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|Title:||An investigation into thermomechanical fatigue of metal matrix composites|
|Doctoral Committee Chair(s):||Sehitoglu, Huseyin|
|Department / Program:||Mechanical Science and Engineering|
|Degree Granting Institution:||University of Illinois at Urbana-Champaign|
Engineering, Materials Science
|Abstract:||Experimental and theoretical approaches are used to characterize the thermomechanical deformation behavior of metal matrix composites. Experiments on unreinforced and SiC particulate reinforced Al 2xxx-T4 have been conducted under several mechanical strain-temperature phasing conditions. Based on stress range, substantial improvements in fatigue life have been observed. However, based on strain range, the effect of reinforcement on fatigue lives differs depending on the mechanical strain-temperature phasing, temperature, and strain rate. Several deformation mechanisms of unreinforced and reinforced Al 2xxx-T4 have been identified, including void formation, crack initiation, intergranular/transgranular crack growth, oxide penetration at the crack tips, crack deflection due to particle interference, and mean stress effects.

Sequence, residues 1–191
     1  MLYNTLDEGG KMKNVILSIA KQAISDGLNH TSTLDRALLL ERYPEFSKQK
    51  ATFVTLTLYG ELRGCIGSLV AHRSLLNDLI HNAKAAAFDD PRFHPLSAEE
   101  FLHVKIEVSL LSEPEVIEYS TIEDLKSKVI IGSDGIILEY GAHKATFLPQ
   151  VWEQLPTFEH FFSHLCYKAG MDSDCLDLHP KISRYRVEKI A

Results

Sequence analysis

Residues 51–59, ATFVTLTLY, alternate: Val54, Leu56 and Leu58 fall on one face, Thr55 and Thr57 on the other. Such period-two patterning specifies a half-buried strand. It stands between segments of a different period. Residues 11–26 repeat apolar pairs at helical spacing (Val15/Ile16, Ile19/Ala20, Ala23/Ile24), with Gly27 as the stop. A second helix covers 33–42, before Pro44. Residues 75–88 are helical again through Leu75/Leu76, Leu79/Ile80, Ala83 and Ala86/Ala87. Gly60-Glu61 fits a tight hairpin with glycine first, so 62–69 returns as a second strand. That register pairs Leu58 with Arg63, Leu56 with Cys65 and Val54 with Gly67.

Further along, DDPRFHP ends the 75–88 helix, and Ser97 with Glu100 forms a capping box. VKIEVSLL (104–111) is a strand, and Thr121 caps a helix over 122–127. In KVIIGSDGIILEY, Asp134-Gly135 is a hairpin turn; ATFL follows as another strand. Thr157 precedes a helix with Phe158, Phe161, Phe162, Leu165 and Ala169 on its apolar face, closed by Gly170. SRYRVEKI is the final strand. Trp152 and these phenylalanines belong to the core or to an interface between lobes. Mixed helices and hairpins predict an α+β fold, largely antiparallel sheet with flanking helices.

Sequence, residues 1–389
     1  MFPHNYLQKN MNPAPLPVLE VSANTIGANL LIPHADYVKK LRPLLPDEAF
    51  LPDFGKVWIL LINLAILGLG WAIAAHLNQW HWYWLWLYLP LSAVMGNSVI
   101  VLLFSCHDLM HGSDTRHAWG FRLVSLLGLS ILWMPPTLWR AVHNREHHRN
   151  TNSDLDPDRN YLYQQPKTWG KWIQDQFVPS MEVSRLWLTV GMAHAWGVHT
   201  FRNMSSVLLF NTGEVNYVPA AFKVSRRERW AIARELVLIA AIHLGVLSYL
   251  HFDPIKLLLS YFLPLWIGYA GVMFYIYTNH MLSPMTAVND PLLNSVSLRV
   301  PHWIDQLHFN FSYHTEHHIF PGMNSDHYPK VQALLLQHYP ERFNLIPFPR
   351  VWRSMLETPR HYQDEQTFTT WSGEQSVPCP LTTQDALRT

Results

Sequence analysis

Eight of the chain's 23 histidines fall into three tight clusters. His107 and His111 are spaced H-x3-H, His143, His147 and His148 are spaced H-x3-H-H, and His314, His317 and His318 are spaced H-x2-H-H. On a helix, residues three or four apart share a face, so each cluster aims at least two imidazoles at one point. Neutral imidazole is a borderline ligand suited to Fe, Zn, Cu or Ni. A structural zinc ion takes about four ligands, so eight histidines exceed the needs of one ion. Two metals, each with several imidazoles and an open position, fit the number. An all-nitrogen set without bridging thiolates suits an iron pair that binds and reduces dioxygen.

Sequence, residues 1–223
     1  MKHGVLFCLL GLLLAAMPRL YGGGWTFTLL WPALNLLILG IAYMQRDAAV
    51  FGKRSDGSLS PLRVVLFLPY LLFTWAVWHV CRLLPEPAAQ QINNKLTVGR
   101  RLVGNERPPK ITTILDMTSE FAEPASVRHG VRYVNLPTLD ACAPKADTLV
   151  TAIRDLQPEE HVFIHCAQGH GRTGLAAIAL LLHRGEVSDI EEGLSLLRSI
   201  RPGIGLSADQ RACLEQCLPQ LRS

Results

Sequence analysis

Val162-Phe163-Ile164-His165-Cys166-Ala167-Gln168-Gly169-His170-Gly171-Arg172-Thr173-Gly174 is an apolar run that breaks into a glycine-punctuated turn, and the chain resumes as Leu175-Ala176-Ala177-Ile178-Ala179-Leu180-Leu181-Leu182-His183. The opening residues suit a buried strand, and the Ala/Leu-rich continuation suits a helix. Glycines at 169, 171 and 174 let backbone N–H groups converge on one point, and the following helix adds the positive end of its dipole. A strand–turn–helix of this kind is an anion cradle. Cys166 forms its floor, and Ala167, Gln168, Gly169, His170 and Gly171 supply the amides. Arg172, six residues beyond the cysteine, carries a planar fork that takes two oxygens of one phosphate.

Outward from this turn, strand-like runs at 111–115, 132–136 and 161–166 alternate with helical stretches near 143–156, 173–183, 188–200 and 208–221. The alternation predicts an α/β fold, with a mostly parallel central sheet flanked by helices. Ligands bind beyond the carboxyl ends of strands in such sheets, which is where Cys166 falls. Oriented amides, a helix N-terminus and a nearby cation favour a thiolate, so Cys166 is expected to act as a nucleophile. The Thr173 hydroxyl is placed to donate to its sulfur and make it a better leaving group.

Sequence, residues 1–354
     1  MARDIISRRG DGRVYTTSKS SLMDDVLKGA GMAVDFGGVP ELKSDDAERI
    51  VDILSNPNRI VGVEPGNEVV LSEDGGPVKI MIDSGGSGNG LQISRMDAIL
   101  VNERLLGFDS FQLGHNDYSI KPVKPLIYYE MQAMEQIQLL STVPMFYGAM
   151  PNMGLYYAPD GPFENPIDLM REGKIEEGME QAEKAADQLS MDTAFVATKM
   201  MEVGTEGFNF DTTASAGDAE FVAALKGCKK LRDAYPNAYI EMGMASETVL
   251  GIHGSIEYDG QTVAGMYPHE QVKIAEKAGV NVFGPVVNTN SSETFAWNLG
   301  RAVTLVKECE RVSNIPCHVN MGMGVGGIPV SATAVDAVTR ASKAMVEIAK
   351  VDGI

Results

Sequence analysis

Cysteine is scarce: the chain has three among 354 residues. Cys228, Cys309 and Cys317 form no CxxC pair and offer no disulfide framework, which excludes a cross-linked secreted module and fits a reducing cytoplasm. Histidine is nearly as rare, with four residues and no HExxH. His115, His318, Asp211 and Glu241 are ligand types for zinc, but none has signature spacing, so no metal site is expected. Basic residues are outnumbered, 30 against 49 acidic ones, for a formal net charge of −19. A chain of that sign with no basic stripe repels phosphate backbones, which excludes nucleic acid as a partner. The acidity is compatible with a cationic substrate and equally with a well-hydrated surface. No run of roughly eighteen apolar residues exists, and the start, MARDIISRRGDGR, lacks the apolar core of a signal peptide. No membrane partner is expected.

Theoretical approaches include the development of a general micromechanistic constitutive equation, based on Eshelby's equivalent inclusion theory, and a life prediction methodology for metal matrix composites. Synergistic effects of particulate reinforcement on high temperature thermomechanical behavior are studied. The constitutive model provides insight into the internal stress-strain behavior, including effective and hydrostatic stresses, of both the matrix and the reinforcement developed during cyclic loading conditions. The deformation behavior of the constituents is used to develop an experimentally based micromechanistic life prediction model. The damage caused by internal stresses, oxidation, creep, and fatigue mechanisms as a function of reinforcement volume fraction is quantified for wide range of loading conditions.
|Rights Information:||Copyright 1992 Karayaka, Metin|
|Date Available in IDEALS:||2011-05-07|
|Identifier in Online Catalog:||AAI9215835|
This item appears in the following Collection(s)
Graduate Dissertations and Theses at Illinois
Graduate Theses and Dissertations at Illinois
Dissertations and Theses - Mechanical Science and Engineering